25 September 2017

“GTWTN.” I use this concept on a regular basis, without really conciously thinking about it.

I learned it from my mentor during my stay at HitFix. He didn’t call it what I do now, but it is essentially the same concept. His primary constructive criticism for me was always that I would jump to implementation without first thinking about why that implementation was needed in the first place. In other words, he wanted me to be more like a product manager.

A list of things that go through my mind upon receiving any request:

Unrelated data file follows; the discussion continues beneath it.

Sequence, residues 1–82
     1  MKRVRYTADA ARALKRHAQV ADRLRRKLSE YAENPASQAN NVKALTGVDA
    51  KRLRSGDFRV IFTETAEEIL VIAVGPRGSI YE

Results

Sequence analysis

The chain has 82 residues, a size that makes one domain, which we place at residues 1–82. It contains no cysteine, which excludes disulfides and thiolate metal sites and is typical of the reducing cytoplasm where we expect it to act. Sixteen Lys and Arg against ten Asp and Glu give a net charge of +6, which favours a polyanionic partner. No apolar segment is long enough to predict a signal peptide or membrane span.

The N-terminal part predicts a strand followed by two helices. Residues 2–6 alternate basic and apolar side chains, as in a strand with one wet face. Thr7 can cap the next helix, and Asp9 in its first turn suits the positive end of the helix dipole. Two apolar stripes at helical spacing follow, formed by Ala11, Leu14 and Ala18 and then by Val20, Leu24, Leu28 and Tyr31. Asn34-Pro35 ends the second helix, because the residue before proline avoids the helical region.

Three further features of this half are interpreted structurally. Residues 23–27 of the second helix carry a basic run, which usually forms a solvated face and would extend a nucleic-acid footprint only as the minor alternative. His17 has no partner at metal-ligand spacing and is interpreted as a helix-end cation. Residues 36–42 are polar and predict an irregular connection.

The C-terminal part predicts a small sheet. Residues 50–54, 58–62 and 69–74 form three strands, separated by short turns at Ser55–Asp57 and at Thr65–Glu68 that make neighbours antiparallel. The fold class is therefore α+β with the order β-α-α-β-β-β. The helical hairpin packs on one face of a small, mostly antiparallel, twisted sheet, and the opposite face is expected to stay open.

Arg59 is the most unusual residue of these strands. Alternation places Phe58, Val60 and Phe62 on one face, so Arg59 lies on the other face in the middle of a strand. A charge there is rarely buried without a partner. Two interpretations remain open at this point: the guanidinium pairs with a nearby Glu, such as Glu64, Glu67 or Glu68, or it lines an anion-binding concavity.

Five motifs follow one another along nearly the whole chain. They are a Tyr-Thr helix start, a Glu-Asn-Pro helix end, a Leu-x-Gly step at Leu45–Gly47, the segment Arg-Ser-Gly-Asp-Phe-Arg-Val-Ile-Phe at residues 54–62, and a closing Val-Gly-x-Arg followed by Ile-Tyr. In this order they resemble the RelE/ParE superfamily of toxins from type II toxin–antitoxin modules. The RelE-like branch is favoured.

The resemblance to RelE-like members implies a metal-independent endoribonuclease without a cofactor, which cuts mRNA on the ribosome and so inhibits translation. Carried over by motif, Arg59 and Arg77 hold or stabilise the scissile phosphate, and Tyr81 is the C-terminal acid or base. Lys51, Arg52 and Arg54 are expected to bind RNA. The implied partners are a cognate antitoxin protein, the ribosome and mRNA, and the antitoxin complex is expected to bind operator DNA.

• Ask yourself what the motivation behind the ask is
  • Ask them as many questions about why they need it as you can
  • Figure out the best solution to their underlying need
  • Do the minimum possible to fulfill their request (most of the time)
  • Sidestep one complex feature request by suggesting a simpler one that satisfies the same need
  • Any repetitive task you’re given can be turned into a cron job or pushed back onto the person asking

All of this helps with scope creep and architecture bloat. By thinking about the quickest/easiest/fastest way to implement something that still meets the person’s needs (but not necessarily their literal ask) you’re not being lazy. You’re being efficient.

Go forth!

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